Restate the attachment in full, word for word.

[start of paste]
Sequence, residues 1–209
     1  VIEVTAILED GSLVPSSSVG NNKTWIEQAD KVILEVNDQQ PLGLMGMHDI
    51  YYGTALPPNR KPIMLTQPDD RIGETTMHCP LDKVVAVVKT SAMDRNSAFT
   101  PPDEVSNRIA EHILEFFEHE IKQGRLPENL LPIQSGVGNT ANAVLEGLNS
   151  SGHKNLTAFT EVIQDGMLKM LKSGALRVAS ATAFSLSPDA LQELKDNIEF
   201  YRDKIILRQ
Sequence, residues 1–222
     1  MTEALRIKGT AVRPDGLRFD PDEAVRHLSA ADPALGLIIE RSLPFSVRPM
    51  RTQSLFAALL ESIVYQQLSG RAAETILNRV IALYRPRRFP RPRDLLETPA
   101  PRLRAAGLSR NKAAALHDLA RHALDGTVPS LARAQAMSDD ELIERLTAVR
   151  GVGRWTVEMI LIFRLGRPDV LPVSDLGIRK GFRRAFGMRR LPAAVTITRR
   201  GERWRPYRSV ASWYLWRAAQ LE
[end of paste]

Sequence, residues 1–209
     1  VIEVTAILED GSLVPSSSVG NNKTWIEQAD KVILEVNDQQ PLGLMGMHDI
    51  YYGTALPPNR KPIMLTQPDD RIGETTMHCP LDKVVAVVKT SAMDRNSAFT
   101  PPDEVSNRIA EHILEFFEHE IKQGRLPENL LPIQSGVGNT ANAVLEGLNS
   151  SGHKNLTAFT EVIQDGMLKM LKSGALRVAS ATAFSLSPDA LQELKDNIEF
   201  YRDKIILRQ
Sequence, residues 1–222
     1  MTEALRIKGT AVRPDGLRFD PDEAVRHLSA ADPALGLIIE RSLPFSVRPM
    51  RTQSLFAALL ESIVYQQLSG RAAETILNRV IALYRPRRFP RPRDLLETPA
   101  PRLRAAGLSR NKAAALHDLA RHALDGTVPS LARAQAMSDD ELIERLTAVR
   151  GVGRWTVEMI LIFRLGRPDV LPVSDLGIRK GFRRAFGMRR LPAAVTITRR
   201  GERWRPYRSV ASWYLWRAAQ LE